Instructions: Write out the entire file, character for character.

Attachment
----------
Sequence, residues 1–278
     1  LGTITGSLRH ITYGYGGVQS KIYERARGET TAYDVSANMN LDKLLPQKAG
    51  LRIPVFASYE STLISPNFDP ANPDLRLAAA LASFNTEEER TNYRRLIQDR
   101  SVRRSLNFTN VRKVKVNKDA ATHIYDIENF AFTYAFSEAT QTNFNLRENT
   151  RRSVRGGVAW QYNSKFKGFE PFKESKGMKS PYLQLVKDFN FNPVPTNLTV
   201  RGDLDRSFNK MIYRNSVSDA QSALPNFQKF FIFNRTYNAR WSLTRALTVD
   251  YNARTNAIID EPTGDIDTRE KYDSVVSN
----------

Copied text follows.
Sequence, residues 1–278
     1  LGTITGSLRH ITYGYGGVQS KIYERARGET TAYDVSANMN LDKLLPQKAG
    51  LRIPVFASYE STLISPNFDP ANPDLRLAAA LASFNTEEER TNYRRLIQDR
   101  SVRRSLNFTN VRKVKVNKDA ATHIYDIENF AFTYAFSEAT QTNFNLRENT
   151  RRSVRGGVAW QYNSKFKGFE PFKESKGMKS PYLQLVKDFN FNPVPTNLTV
   201  RGDLDRSFNK MIYRNSVSDA QSALPNFQKF FIFNRTYNAR WSLTRALTVD
   251  YNARTNAIID EPTGDIDTRE KYDSVVSN